A shingle desert at the edge of England
BY JOE MINIHANE
Dungeness is like nowhere else in the UK. The only place in the British Isles to be designated a desert, this shingle headland pokes out into the English Channel from Kent, a world away from the soft sands of Camber just a few miles up the road.
The pebble beach here slides steeply into cooling waters, which flit from gray and roiling in winter to a deep, alluring turquoise in summer. The latter is the perfect time for a long swim, soundtracked by the clatter of small trains plying the Romney, Hythe and Dymchurch narrow-gauge railway that stretches across the barren landscape. But deepest January, with a chill in the air and the sun low on the horizon, is when Dungeness revels in its own stark beauty.
Like all the best English beaches, there’s a feeling of timelessness. The Pilot Inn serves pints of local ale, while beach-side shacks are the perfect spot to gorge on freshly caught local Dungeness crab. Because things can get a touch windswept, and perhaps because a nuclear power station looms on the skyline, the number of visitors never reaches fever pitch as it does in nearby Hastings or distant Cornwall. Dungeness’s otherworldliness is what makes it so appealing.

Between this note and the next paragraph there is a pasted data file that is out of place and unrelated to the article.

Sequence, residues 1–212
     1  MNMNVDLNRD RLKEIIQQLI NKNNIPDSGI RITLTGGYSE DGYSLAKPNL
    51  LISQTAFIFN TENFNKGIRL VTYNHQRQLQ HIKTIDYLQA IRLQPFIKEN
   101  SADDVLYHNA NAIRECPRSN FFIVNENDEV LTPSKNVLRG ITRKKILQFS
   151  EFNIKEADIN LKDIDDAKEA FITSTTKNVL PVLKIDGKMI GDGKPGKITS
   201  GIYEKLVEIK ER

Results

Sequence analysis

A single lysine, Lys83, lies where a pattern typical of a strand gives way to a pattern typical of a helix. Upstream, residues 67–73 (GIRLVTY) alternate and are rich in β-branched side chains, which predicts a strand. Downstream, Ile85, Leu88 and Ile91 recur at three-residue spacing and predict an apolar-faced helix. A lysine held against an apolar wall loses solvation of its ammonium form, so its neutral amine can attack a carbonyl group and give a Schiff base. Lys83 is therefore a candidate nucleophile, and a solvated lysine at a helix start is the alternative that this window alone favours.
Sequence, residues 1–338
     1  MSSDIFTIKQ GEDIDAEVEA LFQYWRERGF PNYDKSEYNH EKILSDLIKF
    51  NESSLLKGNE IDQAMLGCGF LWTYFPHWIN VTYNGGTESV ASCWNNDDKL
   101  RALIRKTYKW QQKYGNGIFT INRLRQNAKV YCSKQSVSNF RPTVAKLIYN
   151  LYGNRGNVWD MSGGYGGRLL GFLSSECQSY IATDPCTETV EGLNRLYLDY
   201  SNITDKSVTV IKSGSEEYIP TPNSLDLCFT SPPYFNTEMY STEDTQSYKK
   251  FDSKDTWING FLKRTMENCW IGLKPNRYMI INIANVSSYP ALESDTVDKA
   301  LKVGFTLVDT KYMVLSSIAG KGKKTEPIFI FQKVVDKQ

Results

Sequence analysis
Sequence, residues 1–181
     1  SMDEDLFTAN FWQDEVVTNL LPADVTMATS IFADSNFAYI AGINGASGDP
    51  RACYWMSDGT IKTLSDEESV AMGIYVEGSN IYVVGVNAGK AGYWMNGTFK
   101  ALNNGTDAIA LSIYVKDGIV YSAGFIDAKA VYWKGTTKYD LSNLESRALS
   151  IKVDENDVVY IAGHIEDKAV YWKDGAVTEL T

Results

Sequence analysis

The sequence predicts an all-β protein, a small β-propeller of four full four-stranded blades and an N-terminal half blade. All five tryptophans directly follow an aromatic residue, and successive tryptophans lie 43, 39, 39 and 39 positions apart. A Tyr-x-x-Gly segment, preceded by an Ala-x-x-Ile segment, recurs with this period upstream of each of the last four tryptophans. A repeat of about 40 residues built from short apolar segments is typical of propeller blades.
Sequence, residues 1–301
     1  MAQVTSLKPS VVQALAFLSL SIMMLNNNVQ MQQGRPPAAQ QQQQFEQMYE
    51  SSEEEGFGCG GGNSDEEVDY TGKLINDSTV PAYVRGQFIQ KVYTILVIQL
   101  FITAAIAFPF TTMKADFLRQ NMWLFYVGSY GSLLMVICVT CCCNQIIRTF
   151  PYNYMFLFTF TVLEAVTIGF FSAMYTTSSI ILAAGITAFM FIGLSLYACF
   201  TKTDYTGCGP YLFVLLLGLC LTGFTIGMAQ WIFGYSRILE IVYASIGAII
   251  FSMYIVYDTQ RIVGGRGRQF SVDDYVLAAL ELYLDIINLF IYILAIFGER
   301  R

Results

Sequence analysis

Did you know?
Late filmmaker Derek Jarman’s garden is one of Dungeness’s most beautiful sights, a fenceless, free–form masterpiece that draws in culture buffs and horticulture fanatics.
Karnataka, IndiaThis looks great! Show me!